Thursday, March 17, 2011


Message on sign:
March 14 and 17, 2011
This week was final exam week, so traffic on the Quad was very light. Many of those who spoke with me were Christians (members of the group Navigators) from other universities spreading the gospel and doing good works during their spring break. Therefore many discussions touched on the theological implications of the sign.

Answers to the question, "What does the sign mean?":

- there isn't much time left because final exams are soon

- time is merely a figment of our imagination

- given the increasing incidence of phenomena such as birds falling from the skies dead in droves, earthquakes, financial crises, revolutions, etc., we seem to be entering a time of rapid and dramatic change

- it is a reference to something spiritual, specifically the idea that the end--the Apocalypse--is near, hence the phrase "tomorrow is already [here]". But what then would "yesterday is still here" refer to? 

- it is a reference to something spiritual, specifically the idea that there is a God who is an extra-temporal entity. Thus in the Bible we read "I am the Alpha and Omega, the first and last, the beginning and the end." From God's point of view, all of time exists simultaneously ("already").

- it's important to be completely in the moment, to free oneself from the constraints of memory of the past and planning for the future in order to step outside of the confines of time itself

- there is unfinished business we have left over from the past; and the seeds of future events are being sown now, in the present

- "yesterday is still here" means that the memory we have of what has happened preserves the past, and thus it is still with us in that form

- it means "seize the day"; tomorrow could bring us death, and the past should not keep us from experiencing the present moment fully

- one guy was reminded of the George Carlin quote: "There's no present. There's only the immediate future and the recent past."

Theological and theoretical discussions:

- How do we reconcile the idea that God granted us free will with the notion that God is omniscient? If He--from His position outside of time--knows everything that will happen, is not then everything in our lives predestined? There is a solution to this paradox which would find support from some physicists and in the esoteric literature. If it is true that each time we weigh several alternative courses of action, a portion of ourselves creates an alternate, parallel universe (not unimaginable if one accepts the notion of the infinite nature of God and His creation), everything that could possibly happen already has happened. Where our free will comes in is in our ability and opportunity to choose, from among the infinite possibilities that have occurred, that one which we desire to experience.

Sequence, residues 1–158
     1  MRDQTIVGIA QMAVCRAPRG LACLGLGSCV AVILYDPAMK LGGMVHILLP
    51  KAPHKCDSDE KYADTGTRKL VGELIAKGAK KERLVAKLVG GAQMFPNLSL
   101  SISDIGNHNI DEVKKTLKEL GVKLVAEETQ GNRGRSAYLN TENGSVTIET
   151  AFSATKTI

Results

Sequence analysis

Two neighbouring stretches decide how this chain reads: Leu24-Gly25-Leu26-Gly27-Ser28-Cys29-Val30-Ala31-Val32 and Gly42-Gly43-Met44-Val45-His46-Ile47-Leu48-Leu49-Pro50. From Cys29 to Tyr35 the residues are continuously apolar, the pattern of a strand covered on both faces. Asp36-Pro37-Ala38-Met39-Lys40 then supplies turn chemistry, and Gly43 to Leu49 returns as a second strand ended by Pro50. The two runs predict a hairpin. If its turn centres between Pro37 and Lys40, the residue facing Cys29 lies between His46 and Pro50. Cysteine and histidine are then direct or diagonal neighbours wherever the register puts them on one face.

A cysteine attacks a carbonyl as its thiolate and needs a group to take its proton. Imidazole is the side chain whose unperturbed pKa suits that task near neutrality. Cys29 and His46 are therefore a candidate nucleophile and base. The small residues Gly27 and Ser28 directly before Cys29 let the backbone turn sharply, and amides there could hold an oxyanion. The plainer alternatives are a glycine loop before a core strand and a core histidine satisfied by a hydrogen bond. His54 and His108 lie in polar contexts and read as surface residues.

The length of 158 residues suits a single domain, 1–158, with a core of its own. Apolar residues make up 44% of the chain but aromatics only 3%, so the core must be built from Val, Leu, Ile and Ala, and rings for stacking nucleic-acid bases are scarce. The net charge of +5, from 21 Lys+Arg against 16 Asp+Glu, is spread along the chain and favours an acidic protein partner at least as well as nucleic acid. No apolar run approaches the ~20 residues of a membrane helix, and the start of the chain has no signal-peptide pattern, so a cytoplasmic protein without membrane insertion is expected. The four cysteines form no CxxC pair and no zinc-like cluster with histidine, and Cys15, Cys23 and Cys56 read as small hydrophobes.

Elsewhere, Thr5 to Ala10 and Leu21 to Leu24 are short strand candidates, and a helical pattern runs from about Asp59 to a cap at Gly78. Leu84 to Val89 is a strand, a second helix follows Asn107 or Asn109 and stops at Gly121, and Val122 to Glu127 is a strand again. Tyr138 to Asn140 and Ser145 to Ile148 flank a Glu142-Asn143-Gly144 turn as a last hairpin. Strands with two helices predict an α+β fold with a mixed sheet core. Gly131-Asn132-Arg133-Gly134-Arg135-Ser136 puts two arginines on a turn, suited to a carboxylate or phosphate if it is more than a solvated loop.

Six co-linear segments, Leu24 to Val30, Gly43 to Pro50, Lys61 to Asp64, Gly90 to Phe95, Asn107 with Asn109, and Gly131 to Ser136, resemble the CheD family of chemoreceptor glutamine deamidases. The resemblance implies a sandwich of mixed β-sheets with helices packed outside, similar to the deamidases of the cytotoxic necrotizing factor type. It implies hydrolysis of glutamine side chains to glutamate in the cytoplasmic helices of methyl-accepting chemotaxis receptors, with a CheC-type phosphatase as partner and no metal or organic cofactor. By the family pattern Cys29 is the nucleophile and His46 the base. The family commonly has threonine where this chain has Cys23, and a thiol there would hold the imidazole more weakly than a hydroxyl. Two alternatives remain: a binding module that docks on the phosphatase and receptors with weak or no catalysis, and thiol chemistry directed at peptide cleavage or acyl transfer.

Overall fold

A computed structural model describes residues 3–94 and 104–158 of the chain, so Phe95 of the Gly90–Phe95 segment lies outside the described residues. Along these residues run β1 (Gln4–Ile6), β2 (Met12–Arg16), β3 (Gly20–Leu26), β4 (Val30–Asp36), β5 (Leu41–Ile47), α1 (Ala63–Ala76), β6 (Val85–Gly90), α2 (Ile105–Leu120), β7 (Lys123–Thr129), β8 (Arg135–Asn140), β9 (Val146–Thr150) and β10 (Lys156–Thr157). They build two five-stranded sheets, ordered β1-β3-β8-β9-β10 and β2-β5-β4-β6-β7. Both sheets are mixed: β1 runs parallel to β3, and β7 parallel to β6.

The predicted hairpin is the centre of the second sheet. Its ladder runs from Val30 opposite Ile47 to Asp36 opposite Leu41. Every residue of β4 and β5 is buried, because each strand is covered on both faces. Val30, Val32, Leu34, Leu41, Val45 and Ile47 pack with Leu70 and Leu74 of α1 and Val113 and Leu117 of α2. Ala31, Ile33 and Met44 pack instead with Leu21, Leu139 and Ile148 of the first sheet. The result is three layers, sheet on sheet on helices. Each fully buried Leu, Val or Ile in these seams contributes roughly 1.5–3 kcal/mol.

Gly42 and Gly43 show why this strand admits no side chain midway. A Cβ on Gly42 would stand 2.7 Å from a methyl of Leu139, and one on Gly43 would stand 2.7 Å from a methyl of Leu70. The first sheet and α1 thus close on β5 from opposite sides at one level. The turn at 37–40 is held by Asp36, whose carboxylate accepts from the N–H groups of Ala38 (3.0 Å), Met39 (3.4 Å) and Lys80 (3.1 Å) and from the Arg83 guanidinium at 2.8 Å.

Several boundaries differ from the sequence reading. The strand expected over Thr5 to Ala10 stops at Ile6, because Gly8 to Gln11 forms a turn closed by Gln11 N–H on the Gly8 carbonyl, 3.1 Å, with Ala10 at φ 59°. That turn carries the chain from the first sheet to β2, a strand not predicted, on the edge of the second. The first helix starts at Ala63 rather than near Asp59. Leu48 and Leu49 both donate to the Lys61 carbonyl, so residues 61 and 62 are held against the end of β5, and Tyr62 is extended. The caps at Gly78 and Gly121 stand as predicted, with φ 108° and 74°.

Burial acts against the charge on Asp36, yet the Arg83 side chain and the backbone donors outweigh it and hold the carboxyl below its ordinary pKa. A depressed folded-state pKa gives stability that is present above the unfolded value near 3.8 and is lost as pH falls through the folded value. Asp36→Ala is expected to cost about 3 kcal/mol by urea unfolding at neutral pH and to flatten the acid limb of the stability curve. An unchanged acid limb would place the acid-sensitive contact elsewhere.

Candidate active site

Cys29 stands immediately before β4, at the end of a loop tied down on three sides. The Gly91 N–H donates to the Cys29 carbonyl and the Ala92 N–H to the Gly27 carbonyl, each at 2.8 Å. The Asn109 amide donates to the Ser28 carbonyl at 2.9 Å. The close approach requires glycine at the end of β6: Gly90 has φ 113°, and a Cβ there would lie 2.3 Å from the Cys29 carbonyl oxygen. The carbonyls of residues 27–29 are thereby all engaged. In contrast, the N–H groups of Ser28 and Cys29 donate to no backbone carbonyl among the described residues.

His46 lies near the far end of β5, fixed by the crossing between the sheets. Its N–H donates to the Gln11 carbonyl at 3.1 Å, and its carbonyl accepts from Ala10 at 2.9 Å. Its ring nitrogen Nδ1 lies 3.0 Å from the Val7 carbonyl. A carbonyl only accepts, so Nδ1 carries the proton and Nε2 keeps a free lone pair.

- Time is not what we have traditionally thought it to be. There is evidence that it is not an absolute, objective, external phenomenon, but its apparent duration can be altered by our subjective perception if we free ourselves from the societally inculcated habit of retroactively bringing our memory of lived events into conformity with clock time. For example, the passage of time seems interminably slow when a man is waiting for his girlfriend to arrive, and then regrettably seems to pass all too rapidly when he is with her.

- There exists the theory that all moments of time--past, present and future--exist "simultaneously" in some way we cannot yet fathom.

Other signs on the Quad: on March 14 a single-engined plane flew above the campus for about ten minutes in the afternoon trailing a banner that read: "SEATTLE SOUNDERS FC"

For a complete transcript of discussions with people about this sign (or at least as complete as memory would allow), see here, March 14-17.

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